EU opts for dialogue on contentious EPA deal

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On 12 May 2017 at 12:05

European Union (EU) has invited the government to a dialogue over the contentious Economic Partnership Agreement (EPA).
Head of EU Delegation to Tanzania and East African Community (EAC) Roeland van de Geer, speaking at a well attended cocktail party to celebrate Europe Day at the Bunge grounds here on Wednesday, said the delegation is open for talks with the government.
He argued that Tanzania as a sovereign state has all the rights to its opinion on EPA, saying the EU was cordially (...)

European Union (EU) has invited the government to a dialogue over the contentious Economic Partnership Agreement (EPA).

Head of EU Delegation to Tanzania and East African Community (EAC) Roeland van de Geer, speaking at a well attended cocktail party to celebrate Europe Day at the Bunge grounds here on Wednesday, said the delegation is open for talks with the government.

He argued that Tanzania as a sovereign state has all the rights to its opinion on EPA, saying the EU was cordially waiting for the official government’s position on the matter. “What is important is that we have dialogue.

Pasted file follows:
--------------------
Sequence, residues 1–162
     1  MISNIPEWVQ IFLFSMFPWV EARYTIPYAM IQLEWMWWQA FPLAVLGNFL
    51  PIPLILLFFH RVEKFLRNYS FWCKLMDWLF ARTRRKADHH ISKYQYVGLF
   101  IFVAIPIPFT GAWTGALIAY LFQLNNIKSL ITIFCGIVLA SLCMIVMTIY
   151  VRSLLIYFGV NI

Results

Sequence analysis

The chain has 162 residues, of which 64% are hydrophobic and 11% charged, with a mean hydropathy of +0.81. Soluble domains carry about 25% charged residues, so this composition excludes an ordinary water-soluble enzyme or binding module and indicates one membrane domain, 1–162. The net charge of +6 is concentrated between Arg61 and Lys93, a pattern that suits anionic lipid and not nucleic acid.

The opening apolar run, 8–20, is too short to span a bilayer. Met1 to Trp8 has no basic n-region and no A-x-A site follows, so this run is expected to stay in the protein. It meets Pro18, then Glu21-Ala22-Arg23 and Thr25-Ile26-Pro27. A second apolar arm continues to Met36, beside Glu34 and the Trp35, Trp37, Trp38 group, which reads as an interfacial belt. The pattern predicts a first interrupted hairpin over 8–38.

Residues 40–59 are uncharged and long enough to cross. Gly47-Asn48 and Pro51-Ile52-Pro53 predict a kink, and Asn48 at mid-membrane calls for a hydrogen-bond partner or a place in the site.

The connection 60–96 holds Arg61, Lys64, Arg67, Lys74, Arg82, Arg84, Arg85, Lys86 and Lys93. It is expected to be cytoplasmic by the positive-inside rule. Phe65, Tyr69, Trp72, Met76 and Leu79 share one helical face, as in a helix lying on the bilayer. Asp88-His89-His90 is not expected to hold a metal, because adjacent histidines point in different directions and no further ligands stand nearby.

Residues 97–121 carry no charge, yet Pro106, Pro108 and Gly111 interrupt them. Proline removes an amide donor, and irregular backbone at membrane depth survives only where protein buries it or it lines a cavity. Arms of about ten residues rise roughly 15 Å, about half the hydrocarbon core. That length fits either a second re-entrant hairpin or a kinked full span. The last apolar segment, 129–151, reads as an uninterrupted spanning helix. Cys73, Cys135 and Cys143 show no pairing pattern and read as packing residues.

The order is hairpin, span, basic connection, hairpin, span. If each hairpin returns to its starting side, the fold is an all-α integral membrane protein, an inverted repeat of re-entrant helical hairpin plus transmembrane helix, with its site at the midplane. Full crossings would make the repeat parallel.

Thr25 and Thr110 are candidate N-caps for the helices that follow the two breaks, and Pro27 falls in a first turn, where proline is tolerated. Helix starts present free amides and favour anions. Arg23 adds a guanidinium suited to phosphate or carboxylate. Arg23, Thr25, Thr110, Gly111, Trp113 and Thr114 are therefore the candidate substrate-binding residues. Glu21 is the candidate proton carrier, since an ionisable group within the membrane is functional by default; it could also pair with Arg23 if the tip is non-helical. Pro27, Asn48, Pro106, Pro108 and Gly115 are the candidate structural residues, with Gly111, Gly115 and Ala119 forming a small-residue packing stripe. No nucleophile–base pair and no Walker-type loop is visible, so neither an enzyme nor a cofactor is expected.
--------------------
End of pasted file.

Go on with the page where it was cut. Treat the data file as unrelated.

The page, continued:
You (Tanzania) have your convictions; we (EU) have our convictions, we are all human beings. Tanzania is a sovereign country and should take its own decisions,” he said, underscoring on the importance of the dialogue.

President John Magufuli, addressing a joint press conference with his Ugandan counterpart Yoweri Museveni at the State House in Dar es Salaam recently, said that Tanzania was bold over EPA, arguing that there was no need for rushing to sign.

President Museveni too concurred with his host, insisting that East African countries should first focus on issue of best interest of their countries prior to signing. Four EAC member states, Kenya, Tanzania, Uganda and Rwanda are required to sign the treaty to operationalise EPA.

The deadline for the EAC countries to append their signatures on the trade deal was October 1, 2016 and by that time only Kenya and Rwanda had inked it.

At the gathering that drew many lawmakers in the European Parliament, the National Assembly Deputy Speaker, Dr Tulia Ackson, said the parliament role on EPA was to advise the government on how best to deal with the treaty.

“We have the constitutional duty to advise the government on issues of national importance,’’ she said in her speech, adding that the parliament had advised the government on what was in the country’s interest.

“Practically, the parliament hasn’t said no to EPA but there are issues that have been raised and the parliament will want them ironed out before the government makes its decision,” noted the deputy speaker.

Source:Daily News


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